(WACO) – Cade West of Boerne already had plumbing, welding and oil field experience before registering for classes at Texas State Technical College.
He did the work after graduating in 2013 from TMI – The Episcopal School of Texas in San Antonio and briefly attending a four-year university.
“Our instructors tell us to treat school like a job,” said West, 22.
West is working toward an Associate of Applied Science degree in Building Construction Technology – Project Management Inspection Specialization at TSTC. One of the classes West is taking this summer for the associate degree is Piping Standards and Materials, which is also included in the Plumbing and Pipefitting Technology certificate program.
After graduation in 2018, West said he wants to work in the construction field and have the plumbing background to use when needed.
“It’s an honest living,” he said.
The need for pipefitters, plumbers and steamfitters is expected to grow nationwide by more than 49,000 jobs through 2024, according to the U.S. Bureau of Labor Statistics. Some of the largest employment fields include building equipment contracting, nonresidential building construction and utility system construction.
Texas had more than 40,000 pipefitters, plumbers and steamfitters as of May 2016. Workers were earning a mean average annual salary of $46,100, according to the federal labor statistics bureau.
The Woodlands – Houston – Sugar Land metropolitan area had the most pipefitters, plumbers and steamfitters in Texas with 13,000 workers as of May 2016. The Dallas – Plano – Irving metropolitan area had more than 8,600 workers in the same period. The Waco area had more than 300 workers, according to the federal labor statistics bureau.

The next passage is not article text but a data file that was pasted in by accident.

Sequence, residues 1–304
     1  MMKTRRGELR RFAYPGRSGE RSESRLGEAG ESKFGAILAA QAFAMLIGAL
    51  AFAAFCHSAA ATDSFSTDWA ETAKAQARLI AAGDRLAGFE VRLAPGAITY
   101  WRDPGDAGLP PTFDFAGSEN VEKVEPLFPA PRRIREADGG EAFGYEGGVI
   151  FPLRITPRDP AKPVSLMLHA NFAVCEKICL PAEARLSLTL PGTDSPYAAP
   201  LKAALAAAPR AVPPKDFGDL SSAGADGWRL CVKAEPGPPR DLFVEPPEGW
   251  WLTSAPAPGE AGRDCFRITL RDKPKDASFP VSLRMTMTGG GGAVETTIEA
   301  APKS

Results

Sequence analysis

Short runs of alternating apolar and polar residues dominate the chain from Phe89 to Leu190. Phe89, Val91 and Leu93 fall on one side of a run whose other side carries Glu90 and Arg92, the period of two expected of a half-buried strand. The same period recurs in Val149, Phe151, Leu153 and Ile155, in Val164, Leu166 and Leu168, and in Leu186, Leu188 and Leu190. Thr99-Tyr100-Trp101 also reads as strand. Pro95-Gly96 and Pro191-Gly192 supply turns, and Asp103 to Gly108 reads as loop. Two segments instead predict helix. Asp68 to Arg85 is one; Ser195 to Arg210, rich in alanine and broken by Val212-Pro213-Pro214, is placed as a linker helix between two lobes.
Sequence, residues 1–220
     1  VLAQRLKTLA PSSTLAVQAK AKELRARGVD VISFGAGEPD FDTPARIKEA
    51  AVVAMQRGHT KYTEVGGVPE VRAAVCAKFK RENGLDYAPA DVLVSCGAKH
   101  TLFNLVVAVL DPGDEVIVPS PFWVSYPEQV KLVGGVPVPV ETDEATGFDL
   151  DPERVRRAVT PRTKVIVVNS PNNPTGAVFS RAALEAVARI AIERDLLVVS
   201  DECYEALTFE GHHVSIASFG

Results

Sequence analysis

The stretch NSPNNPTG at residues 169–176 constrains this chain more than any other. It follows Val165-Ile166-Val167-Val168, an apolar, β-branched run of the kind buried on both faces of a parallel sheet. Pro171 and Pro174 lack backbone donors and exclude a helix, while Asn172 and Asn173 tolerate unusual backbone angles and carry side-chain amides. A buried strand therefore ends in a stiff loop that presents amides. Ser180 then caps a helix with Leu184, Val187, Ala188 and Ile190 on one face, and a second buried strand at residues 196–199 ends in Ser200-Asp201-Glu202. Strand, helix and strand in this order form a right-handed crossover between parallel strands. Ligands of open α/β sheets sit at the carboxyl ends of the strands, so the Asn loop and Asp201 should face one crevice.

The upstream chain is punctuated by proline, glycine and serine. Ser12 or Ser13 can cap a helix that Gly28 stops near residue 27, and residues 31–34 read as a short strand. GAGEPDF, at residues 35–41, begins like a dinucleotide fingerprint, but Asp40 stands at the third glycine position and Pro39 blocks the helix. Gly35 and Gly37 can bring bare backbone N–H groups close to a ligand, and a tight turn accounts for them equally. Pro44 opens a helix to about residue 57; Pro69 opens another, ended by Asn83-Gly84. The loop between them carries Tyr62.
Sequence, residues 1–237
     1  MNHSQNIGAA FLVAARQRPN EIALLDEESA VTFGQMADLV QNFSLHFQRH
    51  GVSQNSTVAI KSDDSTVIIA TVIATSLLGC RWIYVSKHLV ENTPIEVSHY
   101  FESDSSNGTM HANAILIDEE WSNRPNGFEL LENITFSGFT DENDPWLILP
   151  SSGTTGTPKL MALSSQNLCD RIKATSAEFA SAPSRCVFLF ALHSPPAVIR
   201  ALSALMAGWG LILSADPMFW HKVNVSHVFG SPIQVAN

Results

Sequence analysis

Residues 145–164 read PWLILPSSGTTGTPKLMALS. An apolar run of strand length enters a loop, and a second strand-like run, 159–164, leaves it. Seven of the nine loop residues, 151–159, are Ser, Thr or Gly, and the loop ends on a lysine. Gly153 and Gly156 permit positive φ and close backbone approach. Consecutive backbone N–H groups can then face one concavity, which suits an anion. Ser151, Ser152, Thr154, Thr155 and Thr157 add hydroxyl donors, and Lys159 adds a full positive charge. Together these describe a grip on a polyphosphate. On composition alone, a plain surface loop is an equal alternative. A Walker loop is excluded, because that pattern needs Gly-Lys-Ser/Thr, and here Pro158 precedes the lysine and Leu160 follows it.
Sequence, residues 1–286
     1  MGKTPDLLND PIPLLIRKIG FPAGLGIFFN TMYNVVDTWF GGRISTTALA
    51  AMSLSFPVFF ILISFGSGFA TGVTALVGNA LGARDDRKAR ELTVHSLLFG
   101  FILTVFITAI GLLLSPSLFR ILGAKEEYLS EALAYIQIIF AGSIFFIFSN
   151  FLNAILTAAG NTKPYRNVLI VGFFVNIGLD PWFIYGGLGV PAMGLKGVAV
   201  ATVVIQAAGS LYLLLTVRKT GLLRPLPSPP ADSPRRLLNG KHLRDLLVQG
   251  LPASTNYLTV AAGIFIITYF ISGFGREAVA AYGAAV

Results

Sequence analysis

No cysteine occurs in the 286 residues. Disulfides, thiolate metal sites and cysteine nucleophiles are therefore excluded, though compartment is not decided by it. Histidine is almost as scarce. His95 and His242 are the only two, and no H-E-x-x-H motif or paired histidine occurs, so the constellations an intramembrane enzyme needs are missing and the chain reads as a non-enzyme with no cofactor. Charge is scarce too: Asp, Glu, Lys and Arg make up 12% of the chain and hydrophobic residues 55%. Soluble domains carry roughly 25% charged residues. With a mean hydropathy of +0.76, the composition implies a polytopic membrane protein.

“In Waco, there is a huge demand for qualified service technicians in both the plumbing and HVAC (heating, ventilation and air conditioning) markets,” said Don Masten of the United Association of Plumbers and Pipefitters Local 529 in Waco. “Waco is aging, and we need trained people to maintain the buildings and homes as well as the aging infrastructure. With changes in technology, the process of building has sped up and become more efficient.”
Students in TSTC’s Plumbing and Pipefitting Technology certificate program take three semesters of hands-on classes to learn about backflow prevention, steam piping, blueprint reading and other topics.
“We are losing our older generation and don’t have as many younger people who want to get their hands dirty,” said Jimmy Bibb, a plumbing and pipefitting instructor in TSTC’s Building Construction Technology program. “We are more in the line of technicians.”
Bibb said school districts should include plumbing and pipefitting in curricula, similar to how construction technology and welding are offered for high school students through specialized technical career tracks.
Bibb said the typical student entering TSTC’s certificate program should not be afraid to work. He knows all too well what it takes to earn the Plumbing and Pipefitting Technology certificate from TSTC – he did it in 2009.
The Texas State Board of Plumbing Examiners administers the testing and licensing for people working in the fields of plumbing, medical gas piping installation, public water supply protection, sewage disposal and natural gas.
Masten said Texas requires 8,000 registered hours as a plumber’s apprentice before taking the journeyman licensing examination.
“What this means is that a worker will have to be on the job and registered with the state for approximately four years before he or she will be considered eligible for the state exam,” Masten said. “This isn’t by accident. Plumbing is very diverse and despite improvements in material and technology, the science behind it has not changed. It takes that amount of experience under a qualified journeyman to gain the skills necessary to do the job correctly and efficiently.”
For more information on Texas State Technical College, go to tstc.edu.